‘Digital Pakistan Vision’, the full potential of the contribution of youth
According to a press release from the Prime Minister Office: “The Vision sets Pakistan’s digital ambition and has been designed for the government and the private sector to work towards a digitally progressive and inclusive Pakistan.”
Speaking at the launch ceremony of the initiative, the prime minister regretted not having launched it at the very beginning when his government was formed.
“I should have given attention to Digital Pakistan earlier. This is the most important thing for Pakistan right now, especially its youth. The whole world is moving forward digitally and we have been left behind.
“But you all know, and must be tired of hearing it, but we had an unprecented debt […] and all our attention was focused towards stabilising the economy and our currency.”
The premier said Pakistan has the world’s second largest youth population “which can be converted into our strength with this one initiative alone”. “Our women will be able to fully contribute. This is a very big opportunity.”
He said that the introduction of e-governance will be essential in combatting “the endemic of corruption which started out at the top but with their flight to foreign countries has now settled down in the lower tiers of society”.
“E-governance is the best way to make the lives of people easier.”
PM Imran said in e-governance had been introduced in Shaukat Khanum 19 years ago, and by doing away with paper receipts, “all sorts of pilferage was done away with”.
He said the same was being attempted for implementation but he was sad to report that the move was being met with a lot of resistance.
“You won’t be able to stop us for much longer,” he said, addressing the institutions opposed to shifting to digital platforms.
He said e-commerce will also be brought in after removing cyber security hurdles.
The premier reiterated his oft-repeated mantra of “ghabrana naheen hai (you must not give in to fear)” and promised “exciting times ahead” for the country.
“The country will experience a quantum leap ahead.”
Tania Aidrus, a senior Google executive who quit her position to lead the initiative, also addressed the event.
She said that with the premier’s assurances she had the confidence to “take a leap of faith and contribute to Pakistan”.
Aidrus said that one of the foremost reasons why she was so bullish regarding opportunities in Pakistan was the fact that “more than 100 million people are below the age of 25”.
“This means that for every Pakistani who retires in the next 20 years, three young Pakistanis will enter the workforce,” she said.
Aidrus said these young Pakistanis are tech-savvy. “Technology is a part of their lives.”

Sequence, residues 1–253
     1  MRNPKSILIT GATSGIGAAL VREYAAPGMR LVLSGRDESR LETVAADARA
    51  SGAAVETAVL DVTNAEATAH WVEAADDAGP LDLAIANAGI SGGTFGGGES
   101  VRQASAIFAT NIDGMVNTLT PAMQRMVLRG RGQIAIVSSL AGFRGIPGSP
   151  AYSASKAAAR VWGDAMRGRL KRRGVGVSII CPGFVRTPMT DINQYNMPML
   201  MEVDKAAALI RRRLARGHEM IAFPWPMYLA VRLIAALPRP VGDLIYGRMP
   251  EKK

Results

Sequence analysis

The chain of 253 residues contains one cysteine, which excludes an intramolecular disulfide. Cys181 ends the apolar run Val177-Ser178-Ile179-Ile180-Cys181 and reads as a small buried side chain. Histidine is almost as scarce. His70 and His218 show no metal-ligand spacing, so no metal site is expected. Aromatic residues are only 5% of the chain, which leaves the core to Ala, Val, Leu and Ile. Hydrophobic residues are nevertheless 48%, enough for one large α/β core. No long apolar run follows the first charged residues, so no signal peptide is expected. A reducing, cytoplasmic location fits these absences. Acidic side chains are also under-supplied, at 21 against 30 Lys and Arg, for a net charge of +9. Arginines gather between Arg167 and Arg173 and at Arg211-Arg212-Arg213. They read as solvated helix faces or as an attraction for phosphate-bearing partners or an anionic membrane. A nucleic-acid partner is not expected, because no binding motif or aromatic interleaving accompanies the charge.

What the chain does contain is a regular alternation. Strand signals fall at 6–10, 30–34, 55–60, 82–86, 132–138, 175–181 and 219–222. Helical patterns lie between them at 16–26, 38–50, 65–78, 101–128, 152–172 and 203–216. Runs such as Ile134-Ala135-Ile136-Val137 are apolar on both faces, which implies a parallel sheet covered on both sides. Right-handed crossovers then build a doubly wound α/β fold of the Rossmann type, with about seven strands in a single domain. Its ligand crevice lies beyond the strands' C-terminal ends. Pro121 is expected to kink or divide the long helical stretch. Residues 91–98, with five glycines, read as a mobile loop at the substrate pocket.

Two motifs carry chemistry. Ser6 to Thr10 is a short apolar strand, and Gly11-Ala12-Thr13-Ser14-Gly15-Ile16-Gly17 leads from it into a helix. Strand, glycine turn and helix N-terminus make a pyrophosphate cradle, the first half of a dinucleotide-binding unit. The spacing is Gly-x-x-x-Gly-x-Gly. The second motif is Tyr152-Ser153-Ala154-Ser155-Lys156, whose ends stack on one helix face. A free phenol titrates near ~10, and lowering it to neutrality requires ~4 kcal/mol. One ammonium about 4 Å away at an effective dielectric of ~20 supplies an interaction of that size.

She also spoke of a “strong, growing middle class” and a growth in consumer spending “in every vertical (market)”. “Penetration of technology in these vertical markets is very low currently.”
“In every market, whether it is transport, commerce, payments, in every vertical there is an opportunity to have billion-dollar companies,” said Aidrus.
The tech consultant also said that Pakistan has more than 70 million internet users and local tech talent as well as diaspora which has been forming tech companies for a decade. “All these people are ready to contribute to the development of Pakistan.”
She said all the government has to do is create an enabling environment, make digital building blocks, and policies which do not constrain innovation.
Aidrus then introduced the five strategic pillars which will form the basis of the new digital initiative:
- Access and Connectivity that ensures every Pakistani has access to the internet that is a fundamental right that we need to make available universally and especially to underserved populations.
- Digital Infrastructure that creates the ability to do most daily tasks using smart-phones in a secure and faster manner.
- E-Government that digitises intra-government operations and processes towards a paperless and efficient environment and also digitises government services for citizens and businesses for better delivery.
- Digital Skilling and Literacy that enables our tech graduates to secure relevant jobs. A majority of our tech graduates today cannot compete globally because our curriculum is outdated and barring them from monetising those skills.
- Innovation and Entrepreneurship that provides an enabling environment for startups to flourish.
“Today we all need to make a commitment that we are ready to be a part of the revolution and will work together to move it forward.
“And to the skeptics: the question is not whether or not it can take place in Pakistan. The question is: how quickly can we begin?” she concluded by saying.